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Published on Jul 29, 2009
[Recorded: July 22, 2009] The introduction of the first commercial programmable logic devices (PLD) in the mid-1970s opened the door to a host of applications including telecommunications, audio and video broadcasting and storage where the combination of performance, cost and power efficiency are particularly important.
Programmable logic blurs the line between software and hardware. These chips contain a program in its memory that allows them to be re-programmed. That sounds like software. But the program creates logic gates and wires connecting them. That sounds like hardware. Performance improvement gained by using programmable logic instead of microprocessors can be a factor of one hundred, with comparable power reduction to match. But today we don't see programmable logic computers. Or at least, we don't know them when we see them. Do we need new definitions and new dividing lines?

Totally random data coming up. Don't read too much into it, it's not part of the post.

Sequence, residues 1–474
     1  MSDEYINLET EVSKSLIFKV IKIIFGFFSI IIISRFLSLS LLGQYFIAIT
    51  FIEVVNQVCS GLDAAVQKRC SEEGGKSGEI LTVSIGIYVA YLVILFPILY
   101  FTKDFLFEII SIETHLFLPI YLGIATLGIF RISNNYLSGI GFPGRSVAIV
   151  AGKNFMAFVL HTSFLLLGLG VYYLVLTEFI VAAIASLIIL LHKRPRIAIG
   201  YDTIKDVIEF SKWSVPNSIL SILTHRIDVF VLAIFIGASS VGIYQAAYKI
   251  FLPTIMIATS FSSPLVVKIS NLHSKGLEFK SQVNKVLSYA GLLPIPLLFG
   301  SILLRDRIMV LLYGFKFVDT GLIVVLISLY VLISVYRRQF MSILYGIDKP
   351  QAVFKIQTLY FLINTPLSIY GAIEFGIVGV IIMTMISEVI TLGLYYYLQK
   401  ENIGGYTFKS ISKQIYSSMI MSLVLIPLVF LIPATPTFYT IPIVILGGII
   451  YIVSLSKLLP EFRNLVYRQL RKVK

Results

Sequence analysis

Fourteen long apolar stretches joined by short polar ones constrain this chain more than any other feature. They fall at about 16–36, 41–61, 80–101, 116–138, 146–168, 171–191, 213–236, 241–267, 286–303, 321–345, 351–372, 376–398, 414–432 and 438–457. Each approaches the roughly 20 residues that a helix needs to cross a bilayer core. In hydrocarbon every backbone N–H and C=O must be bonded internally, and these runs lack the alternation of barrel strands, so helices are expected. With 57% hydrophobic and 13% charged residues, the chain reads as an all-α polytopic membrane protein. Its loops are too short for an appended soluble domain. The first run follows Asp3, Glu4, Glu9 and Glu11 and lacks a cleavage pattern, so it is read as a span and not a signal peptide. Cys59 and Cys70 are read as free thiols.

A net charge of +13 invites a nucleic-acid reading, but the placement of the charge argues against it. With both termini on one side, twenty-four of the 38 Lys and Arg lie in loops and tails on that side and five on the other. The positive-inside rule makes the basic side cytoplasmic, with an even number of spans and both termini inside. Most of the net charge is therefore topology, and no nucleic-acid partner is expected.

In this lecture and Q&A session, Steve Trimberger, holder of over 150 PLD patents and Xilinx Fellow, discusses the challenges and key milestones in the development of programmable logic and its impact on computing history. He outlines the successes and failures of configurable computing, and discusses PLDs prospects for the future.